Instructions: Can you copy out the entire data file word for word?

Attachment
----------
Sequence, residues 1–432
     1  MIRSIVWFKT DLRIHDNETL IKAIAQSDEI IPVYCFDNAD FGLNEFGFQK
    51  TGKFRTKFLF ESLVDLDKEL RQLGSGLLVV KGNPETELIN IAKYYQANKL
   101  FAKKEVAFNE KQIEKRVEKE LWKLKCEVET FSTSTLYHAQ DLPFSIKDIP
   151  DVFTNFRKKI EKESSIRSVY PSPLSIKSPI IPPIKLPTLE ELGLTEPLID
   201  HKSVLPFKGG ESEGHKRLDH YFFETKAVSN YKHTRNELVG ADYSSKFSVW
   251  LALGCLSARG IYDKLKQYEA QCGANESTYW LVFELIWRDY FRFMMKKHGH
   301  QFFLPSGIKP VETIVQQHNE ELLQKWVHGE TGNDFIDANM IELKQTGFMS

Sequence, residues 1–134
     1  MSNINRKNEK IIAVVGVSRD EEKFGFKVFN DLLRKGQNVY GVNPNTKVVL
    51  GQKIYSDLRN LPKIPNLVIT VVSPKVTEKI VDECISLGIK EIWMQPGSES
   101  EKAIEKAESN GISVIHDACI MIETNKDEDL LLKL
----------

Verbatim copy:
Sequence, residues 1–432
     1  MIRSIVWFKT DLRIHDNETL IKAIAQSDEI IPVYCFDNAD FGLNEFGFQK
    51  TGKFRTKFLF ESLVDLDKEL RQLGSGLLVV KGNPETELIN IAKYYQANKL
   101  FAKKEVAFNE KQIEKRVEKE LWKLKCEVET FSTSTLYHAQ DLPFSIKDIP
   151  DVFTNFRKKI EKESSIRSVY PSPLSIKSPI IPPIKLPTLE ELGLTEPLID
   201  HKSVLPFKGG ESEGHKRLDH YFFETKAVSN YKHTRNELVG ADYSSKFSVW
   251  LALGCLSARG IYDKLKQYEA QCGANESTYW LVFELIWRDY FRFMMKKHGH
   301  QFFLPSGIKP VETIVQQHNE ELLQKWVHGE TGNDFIDANM IELKQTGFMS

Sequence, residues 1–134
     1  MSNINRKNEK IIAVVGVSRD EEKFGFKVFN DLLRKGQNVY GVNPNTKVVL
    51  GQKIYSDLRN LPKIPNLVIT VVSPKVTEKI VDECISLGIK EIWMQPGSES
   101  EKAIEKAESN GISVIHDACI MIETNKDEDL LLKL